Morning Jay: Are the Polls Skewed Toward Obama?
6:00 AM, Jul 20, 2012 • By JAY COST
The clear answer is: they skew Democratic. In fact, every recent registered voter poll with party spreads I could identify had a Democratic advantage that exceeded the quarter-century trend. And the average of all these polls together is 35 percent Democratic to 29.5 percent Republican, or D +5.5
Importantly, these polls show Obama with an average lead over Mitt Romney of 3.5 points. But if they have a 2.5-point Democratic oversample, then what we are really talking about is perhaps a 1-point Obama lead.
Incidentally, this puts these polls much more in line with the Rasmussen poll, which has consistently found a toss-up race. Right now, Rasmussen – a poll of likely voters – sees an R+1.4 advantage in party identification. That is entirely defensible, in my opinion, given the weakness in the economy.
A final point: Presidential job approval polls are usually reported among all adults, aged 18 or over. These tend to have an even larger skew toward the Democrats than registered voter polls. For instance, the CBS News / New York Times poll had a D+6 spread among registered voters, but a D+7 spread among all adults. This means that the job approval numbers are probably overstating Obama’s position by an even larger margin. So, the CBS News / New York Times poll had Obama’s net approval at -2, suggesting that among the electorate it’s perhaps around -6. I’d link this back to my consistent argument that presidents rarely win a share of the electorate larger than their job approval to justify my sustained bearishness on Obama’s reelection prospects. I suspect that the Rasmussen poll on job approval is closest to the electorate’s true feelings, and that regularly shows a net disapproval around -5 points, a very bad position for any incumbent.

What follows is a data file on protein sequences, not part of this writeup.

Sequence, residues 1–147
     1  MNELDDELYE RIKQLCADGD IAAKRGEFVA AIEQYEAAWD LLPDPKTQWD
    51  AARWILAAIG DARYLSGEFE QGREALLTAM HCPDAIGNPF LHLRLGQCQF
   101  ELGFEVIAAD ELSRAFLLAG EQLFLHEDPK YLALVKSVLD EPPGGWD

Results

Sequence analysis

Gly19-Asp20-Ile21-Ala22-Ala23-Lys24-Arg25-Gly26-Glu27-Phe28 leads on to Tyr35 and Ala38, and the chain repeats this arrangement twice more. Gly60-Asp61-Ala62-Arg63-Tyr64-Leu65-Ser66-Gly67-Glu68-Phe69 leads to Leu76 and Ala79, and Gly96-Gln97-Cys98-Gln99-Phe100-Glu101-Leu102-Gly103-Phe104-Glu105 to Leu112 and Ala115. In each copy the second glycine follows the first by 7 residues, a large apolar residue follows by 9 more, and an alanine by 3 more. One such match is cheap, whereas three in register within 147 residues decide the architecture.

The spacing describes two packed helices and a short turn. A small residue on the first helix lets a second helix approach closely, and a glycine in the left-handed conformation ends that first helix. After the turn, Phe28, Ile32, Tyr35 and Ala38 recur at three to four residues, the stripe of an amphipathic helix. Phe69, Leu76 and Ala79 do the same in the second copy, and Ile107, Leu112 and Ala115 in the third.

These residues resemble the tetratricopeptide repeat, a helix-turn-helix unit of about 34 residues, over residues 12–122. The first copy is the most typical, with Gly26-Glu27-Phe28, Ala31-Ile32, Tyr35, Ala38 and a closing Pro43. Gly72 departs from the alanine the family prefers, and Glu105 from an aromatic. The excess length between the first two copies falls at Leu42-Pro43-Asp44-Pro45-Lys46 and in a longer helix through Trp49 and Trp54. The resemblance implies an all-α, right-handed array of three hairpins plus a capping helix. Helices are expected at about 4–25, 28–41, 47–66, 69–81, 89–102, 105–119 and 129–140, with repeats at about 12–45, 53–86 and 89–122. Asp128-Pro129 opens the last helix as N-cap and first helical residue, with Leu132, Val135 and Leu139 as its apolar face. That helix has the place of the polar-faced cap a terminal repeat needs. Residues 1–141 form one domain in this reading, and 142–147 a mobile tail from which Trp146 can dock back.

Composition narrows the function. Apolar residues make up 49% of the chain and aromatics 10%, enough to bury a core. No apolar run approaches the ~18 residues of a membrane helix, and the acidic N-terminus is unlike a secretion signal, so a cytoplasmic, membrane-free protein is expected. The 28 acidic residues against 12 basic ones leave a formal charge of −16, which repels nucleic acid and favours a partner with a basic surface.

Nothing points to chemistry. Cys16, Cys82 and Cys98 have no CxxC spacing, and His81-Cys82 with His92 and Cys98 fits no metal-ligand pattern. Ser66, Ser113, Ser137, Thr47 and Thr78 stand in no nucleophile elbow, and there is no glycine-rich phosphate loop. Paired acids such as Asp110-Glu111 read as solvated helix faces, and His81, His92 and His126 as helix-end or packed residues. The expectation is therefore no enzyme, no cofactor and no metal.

Here’s my bottom line. It is very difficult to model the turnout for a presidential election this far away from November. There are a lot of tough choices that pollsters must make, and it is not fair to single any pollster out for the decisions it ultimately goes with. Nevertheless, we can and should still be smart consumers of political polling. We need to keep the historical spread between the two sides in mind, and be cautious of polls that show a relatively wide Democratic advantage over the GOP. They are probably underestimating the GOP's electoral strength.
Jay Cost is a staff writer for THE WEEKLY STANDARD and the author of Spoiled Rotten: How the Politics of Patronage Corrupted the Once Noble Democratic Party and Now Threatens the American Republic, available now wherever books are sold.
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